New mobile DRAM standard for 4G networks offers 50% performance boost

Samsung also announces the first 4Gbit, LPDDR2 memory

By , Computerworld |  Storage, DRAM

Samsung said its DDR4 modules will be able to perform operations at speeds of up to 3.2Gbps, compared with today's DDR3 speeds of 1.6Gbps and DDR2's speeds of up to 800Mbps.

Both Samsung and Micron have announced they're preparing to ship memory modules based on the DDR4 standard.

Samsung's 4Gbit, LPDDR2 memory

In related news, Samsung on Thursday announced it has begun producing the industry's first 4Gbit, LPDDR2 memory using 20 nanometer (nm) class technology. Previously, manufacturers were using 30nm technology.

Samsung's new LPDDR2 memory chips

Based on the 4Gb components, Samsung expects to produce 2GB capacity chips with a razor-thin thickness of 0.8 millimeters, which allows manufacturers to stack four 4Gb LPDDR2 chips in a single LPDDR2 package.

The new package is about 20% thinner than 2GB packages that stack four 30nm-class 4Gb LPDDR2 chips. Also, the new 2GB package can process data at rates of up to 1066 Mbps, while spending the same amount of power as that of a previous 30nm-class 2GB package.

According to IHS iSuppli, shipments of 4Gbit LPDDR2 will also steadily increase, taking approximately 13% of total mobile DRAM shipments in 2012. The 4Gbit mobile DRAM will become the mainstream chip in the mobile DRAM market around the end of 2013, iSuppli said.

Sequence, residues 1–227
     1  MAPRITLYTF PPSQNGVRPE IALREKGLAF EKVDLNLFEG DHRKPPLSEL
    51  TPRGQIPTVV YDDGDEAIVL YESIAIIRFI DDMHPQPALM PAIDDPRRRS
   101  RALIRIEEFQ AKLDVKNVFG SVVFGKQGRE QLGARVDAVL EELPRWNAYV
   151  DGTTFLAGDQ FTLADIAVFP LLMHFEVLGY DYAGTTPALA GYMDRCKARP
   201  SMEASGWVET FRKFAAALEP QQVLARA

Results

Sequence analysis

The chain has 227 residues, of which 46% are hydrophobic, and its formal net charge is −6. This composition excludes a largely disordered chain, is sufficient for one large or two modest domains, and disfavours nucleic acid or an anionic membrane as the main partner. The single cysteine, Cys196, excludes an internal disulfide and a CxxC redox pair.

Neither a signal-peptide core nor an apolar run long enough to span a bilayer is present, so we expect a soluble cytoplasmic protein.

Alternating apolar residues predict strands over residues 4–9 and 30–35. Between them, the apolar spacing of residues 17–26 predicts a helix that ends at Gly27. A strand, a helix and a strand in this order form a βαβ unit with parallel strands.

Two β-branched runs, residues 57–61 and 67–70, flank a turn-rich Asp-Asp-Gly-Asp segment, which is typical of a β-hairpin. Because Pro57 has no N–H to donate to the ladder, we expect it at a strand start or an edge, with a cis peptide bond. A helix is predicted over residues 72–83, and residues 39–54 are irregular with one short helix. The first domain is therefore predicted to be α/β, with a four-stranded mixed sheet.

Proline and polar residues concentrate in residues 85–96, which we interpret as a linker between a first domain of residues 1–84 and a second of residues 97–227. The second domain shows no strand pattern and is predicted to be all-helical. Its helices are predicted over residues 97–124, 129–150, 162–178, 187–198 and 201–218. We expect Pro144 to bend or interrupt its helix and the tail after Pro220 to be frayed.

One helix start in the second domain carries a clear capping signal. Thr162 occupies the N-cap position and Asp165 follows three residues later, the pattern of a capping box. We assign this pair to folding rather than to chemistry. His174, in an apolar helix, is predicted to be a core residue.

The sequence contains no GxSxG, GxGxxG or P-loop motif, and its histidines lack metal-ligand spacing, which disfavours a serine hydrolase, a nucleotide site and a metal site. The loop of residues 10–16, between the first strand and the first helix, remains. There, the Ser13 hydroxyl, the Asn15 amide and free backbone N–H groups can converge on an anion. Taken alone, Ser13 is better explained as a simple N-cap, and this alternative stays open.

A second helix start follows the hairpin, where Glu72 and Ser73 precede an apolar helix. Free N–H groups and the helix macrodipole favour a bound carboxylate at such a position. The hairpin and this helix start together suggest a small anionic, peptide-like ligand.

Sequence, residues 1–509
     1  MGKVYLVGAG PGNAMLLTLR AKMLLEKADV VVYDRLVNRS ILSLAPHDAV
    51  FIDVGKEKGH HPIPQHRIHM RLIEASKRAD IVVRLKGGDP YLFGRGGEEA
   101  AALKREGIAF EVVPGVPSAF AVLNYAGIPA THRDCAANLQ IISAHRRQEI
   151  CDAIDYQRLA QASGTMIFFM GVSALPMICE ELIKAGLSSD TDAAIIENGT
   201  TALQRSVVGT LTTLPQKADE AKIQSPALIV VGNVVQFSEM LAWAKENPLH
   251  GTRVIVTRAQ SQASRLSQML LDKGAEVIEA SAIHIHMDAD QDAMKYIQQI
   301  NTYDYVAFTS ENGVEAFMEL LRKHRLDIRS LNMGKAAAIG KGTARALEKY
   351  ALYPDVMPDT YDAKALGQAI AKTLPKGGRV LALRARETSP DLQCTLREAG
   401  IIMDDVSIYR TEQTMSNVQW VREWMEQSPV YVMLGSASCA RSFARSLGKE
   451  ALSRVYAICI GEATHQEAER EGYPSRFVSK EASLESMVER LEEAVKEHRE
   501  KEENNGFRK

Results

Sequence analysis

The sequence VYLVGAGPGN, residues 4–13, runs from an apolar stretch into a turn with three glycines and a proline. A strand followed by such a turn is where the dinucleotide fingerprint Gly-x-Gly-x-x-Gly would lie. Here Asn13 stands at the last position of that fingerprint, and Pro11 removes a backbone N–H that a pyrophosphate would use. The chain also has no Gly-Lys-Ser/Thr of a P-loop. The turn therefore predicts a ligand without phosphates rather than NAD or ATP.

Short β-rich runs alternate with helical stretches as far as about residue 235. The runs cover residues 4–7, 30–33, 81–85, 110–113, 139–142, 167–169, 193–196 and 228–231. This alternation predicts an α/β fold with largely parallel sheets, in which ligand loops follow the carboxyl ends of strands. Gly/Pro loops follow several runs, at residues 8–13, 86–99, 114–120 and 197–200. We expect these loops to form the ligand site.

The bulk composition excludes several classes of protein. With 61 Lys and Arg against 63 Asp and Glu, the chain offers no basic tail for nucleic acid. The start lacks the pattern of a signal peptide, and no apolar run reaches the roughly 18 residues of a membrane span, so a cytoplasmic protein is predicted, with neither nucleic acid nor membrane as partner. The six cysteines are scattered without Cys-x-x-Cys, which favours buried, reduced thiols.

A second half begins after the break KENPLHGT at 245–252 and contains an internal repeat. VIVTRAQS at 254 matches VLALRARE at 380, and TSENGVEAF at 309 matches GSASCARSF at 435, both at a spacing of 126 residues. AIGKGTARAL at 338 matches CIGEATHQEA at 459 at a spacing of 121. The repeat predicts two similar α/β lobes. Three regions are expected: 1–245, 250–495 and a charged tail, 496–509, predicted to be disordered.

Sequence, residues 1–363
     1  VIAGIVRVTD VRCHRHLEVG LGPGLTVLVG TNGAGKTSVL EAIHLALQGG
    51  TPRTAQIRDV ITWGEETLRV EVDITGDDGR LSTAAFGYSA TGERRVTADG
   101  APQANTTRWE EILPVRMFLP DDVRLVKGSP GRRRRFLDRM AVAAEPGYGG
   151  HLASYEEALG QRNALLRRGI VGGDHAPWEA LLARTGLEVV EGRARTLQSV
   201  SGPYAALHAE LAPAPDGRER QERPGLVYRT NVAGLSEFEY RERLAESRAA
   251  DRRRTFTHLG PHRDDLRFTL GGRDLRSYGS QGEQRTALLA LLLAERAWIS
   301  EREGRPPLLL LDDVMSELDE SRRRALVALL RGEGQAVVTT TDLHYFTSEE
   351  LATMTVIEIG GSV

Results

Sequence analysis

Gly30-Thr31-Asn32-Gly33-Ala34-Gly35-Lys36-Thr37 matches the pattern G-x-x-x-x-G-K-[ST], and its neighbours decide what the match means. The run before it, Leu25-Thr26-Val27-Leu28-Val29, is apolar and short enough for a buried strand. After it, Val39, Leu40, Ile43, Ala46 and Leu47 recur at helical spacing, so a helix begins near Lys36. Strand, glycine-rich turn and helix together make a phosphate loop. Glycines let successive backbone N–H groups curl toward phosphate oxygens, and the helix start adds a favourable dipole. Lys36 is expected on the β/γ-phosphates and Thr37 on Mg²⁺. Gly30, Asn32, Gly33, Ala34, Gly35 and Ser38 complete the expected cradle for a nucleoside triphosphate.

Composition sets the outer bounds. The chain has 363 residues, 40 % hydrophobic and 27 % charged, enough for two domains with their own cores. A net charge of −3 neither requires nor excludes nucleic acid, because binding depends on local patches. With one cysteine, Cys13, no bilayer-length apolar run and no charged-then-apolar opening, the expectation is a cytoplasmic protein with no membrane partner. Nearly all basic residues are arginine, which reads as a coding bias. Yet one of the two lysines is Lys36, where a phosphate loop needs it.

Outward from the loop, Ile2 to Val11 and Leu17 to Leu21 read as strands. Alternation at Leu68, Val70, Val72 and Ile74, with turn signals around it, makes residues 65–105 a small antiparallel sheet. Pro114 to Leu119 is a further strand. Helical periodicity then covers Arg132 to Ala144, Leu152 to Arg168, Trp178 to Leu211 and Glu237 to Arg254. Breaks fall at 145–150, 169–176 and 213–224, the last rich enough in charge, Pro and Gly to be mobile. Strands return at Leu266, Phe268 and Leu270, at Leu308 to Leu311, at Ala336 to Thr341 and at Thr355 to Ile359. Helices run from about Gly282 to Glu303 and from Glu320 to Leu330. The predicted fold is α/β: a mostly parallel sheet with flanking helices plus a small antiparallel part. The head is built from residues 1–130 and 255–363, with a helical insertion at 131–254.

Wanhoon Hong, Samsung's executive vice president, memory sales and marketing, said the company expects to "strongly increase" the portion of 20nm-class DRAM compared to its overall DRAM output, making 4Gbit DRAM the mainstream product in DRAM production.

Lucas Mearian covers storage, disaster recovery and business continuity, financial services infrastructure and health care IT for Computerworld. Follow Lucas on Twitter at @lucasmearian or subscribe to Lucas's RSS feed. His e-mail address is lmearian@computerworld.com.

See more by Lucas Mearian on Computerworld.com.

Read more about storage in Computerworld's Storage Topic Center.


Originally published on Computerworld |  Click here to read the original story.
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